Hoopademix basketball camp offers sports drills on the court, and life lessons off of it

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CHICAGO (CBS) — The Morning Insiders recently showed us a sky-high view of mega development Lincoln Yards. In the middle of all the construction underway, you’ll find children playing.

Morning Insider Lauren Victory takes us to the Lincoln Yards basketball courts, where the name of the game is diversity, not defense. 

Marpray Monson started Hoopademix summer camp in the height of the pandemic. He jumped through hoops to bring basketball to 2nd through 8th graders.

“During the lockdown camp, everything was six feet,” he said, stepping back to mimic social distancing.

This summer, it’s back to normal. Real camp. No masks, no temperature checks, no spread-out water breaks.

“Now it’s, ‘Come to camp. Make yourself at home. Let’s have fun,'” said Monson.

The kids call him Coach Pray, and he’s thanking God that COVID-19 is subsiding, because his end game is all about contact.

“You are seeing kids from the West Side and the South Side have great interactions, great playdates, becoming lifelong friends with kids from Gold Coast and Lincoln Park,” said Monson.

The diversity at Hoopademix is intentional. Players passing basketballs may have never passed each other on the street.

“No matter your background, everyone shares the common passion of basketball,” said Rohin Shah, an 8th grade player from Wicker Park.

He and Rheayanna Ferguson, who is from Lombard, say it’s all about technique on the court and talking when off.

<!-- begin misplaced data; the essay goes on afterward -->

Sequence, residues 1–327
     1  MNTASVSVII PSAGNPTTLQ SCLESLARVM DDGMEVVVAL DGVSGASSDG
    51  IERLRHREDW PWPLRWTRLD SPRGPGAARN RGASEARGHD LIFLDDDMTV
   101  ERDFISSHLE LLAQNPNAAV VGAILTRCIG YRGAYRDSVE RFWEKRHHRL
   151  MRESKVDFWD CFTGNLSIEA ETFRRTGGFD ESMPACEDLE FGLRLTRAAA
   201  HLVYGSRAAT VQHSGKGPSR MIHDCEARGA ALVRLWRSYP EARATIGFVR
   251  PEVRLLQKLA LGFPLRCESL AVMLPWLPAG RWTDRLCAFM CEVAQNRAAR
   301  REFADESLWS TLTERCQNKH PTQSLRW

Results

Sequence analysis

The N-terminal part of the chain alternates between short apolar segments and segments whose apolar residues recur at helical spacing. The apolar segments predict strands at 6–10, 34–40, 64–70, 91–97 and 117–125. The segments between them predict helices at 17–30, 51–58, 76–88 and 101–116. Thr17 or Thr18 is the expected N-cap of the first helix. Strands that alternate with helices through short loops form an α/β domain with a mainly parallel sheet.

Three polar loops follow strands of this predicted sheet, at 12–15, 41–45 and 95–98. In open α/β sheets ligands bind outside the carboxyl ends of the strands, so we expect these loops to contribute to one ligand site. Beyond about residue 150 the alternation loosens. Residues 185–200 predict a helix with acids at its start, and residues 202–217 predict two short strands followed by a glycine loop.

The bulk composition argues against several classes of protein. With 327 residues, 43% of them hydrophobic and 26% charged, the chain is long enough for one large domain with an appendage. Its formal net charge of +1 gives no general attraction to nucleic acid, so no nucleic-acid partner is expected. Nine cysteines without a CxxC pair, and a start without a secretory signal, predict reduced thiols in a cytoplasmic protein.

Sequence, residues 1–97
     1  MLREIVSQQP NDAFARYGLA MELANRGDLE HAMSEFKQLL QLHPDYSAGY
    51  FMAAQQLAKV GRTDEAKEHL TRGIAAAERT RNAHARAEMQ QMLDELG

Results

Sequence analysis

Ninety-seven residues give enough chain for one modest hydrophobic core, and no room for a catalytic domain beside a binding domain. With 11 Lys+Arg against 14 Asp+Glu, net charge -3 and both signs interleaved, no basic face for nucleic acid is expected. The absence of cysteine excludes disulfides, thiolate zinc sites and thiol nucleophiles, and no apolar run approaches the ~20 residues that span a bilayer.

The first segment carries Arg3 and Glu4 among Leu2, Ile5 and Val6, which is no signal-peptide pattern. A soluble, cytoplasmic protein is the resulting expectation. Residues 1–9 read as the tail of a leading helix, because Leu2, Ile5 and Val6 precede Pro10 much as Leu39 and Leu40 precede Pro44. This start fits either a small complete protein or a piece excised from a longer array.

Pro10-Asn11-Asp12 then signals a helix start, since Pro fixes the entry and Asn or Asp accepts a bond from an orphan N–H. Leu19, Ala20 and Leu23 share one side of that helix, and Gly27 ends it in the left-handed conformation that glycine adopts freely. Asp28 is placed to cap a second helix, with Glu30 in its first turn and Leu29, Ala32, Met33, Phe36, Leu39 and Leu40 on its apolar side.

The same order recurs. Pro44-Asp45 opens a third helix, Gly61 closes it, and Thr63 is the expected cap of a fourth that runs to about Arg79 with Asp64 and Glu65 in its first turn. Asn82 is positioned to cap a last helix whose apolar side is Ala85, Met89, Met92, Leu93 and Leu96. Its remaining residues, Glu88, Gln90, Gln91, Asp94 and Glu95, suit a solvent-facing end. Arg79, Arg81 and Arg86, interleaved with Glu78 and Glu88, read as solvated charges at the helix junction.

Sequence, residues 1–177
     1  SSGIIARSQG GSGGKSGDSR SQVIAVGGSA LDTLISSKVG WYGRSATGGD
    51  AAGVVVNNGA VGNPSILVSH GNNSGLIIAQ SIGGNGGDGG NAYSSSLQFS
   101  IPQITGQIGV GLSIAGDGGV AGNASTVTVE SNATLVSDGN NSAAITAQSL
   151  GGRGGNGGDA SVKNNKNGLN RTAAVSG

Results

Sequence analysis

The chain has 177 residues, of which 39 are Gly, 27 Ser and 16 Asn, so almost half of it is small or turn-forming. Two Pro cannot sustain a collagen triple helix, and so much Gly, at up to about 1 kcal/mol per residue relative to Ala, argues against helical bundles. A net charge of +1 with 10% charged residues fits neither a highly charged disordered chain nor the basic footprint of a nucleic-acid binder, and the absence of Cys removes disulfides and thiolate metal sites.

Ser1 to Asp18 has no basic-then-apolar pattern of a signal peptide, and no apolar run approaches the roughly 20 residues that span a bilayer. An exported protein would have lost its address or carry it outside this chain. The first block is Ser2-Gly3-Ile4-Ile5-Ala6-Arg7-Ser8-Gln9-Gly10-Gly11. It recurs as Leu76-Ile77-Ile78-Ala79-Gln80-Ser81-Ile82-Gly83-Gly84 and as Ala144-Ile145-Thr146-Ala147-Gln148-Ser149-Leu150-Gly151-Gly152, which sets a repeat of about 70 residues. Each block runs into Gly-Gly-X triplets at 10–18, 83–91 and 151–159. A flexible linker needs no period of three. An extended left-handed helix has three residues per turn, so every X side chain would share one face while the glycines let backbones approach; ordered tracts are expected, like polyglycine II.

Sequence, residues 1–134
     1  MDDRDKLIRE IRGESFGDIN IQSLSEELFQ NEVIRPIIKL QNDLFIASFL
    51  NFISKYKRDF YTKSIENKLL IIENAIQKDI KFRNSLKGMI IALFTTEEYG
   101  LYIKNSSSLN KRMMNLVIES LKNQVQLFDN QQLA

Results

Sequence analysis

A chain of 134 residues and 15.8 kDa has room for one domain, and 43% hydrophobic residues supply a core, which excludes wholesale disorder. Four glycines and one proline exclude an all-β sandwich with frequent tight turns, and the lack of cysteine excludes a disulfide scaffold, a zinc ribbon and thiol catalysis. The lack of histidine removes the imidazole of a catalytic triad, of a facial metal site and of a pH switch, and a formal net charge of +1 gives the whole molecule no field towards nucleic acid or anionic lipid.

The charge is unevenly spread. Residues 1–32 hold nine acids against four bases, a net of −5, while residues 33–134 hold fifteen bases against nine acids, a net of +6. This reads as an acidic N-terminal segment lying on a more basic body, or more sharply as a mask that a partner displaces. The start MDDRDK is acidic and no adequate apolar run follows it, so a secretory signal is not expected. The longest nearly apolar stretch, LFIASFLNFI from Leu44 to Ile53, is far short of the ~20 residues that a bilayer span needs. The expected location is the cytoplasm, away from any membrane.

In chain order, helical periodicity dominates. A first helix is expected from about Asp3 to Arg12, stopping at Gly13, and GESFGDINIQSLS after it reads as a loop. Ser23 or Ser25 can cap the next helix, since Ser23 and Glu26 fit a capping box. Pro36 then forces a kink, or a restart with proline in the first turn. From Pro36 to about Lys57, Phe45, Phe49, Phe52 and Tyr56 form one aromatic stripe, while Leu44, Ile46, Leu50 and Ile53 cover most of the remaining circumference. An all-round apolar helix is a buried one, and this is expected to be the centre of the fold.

“When we’re under the tent [taking a water break] … we just walk up and start a conversation with someone. We’re talking about each other, and we’re just learning,” said Ferguson.

Assistant coach Terry Gordon says watching the kids make baskets is great, but watching them make friendships is even better.

“As a former player myself, seeing that coming together, and things of that nature, it’s pretty beautiful, he said.

It’s a sweet concept with a location that can’t be sugarcoated. Hoopademix camp takes place on grounds that’ll become Lincoln Yards. Not everyone agrees with the placement of the new Northside development.

“They [developer from Sterling Bay] really give a home to kids through all walks of life,” said Monson.

Sterling Bay doesn’t charge him to use the courts at Ada Street and Concord Place. In fact, the developer calls the area “Meanwhile” with the idea that Lincoln Yards construction will take a decade to complete and while waiting, the public can make use basketball courts, soccer fields, and more – free of charge.

“Let’s not get mistaken, while Chicago is the most amazing city in the world, it’s still the most geographically segregated city,” said Monson. “The hope of that is, in time, we don’t have these geographically segregated neighborhoods anymore.”

So, after the shots go deep, so does the conversation. Coach Pray says cooldown often includes discussion about adversity, mental health challenges and more.

Hoopademix summer camp runs until August 12. Then there’s travel programming during the school year.



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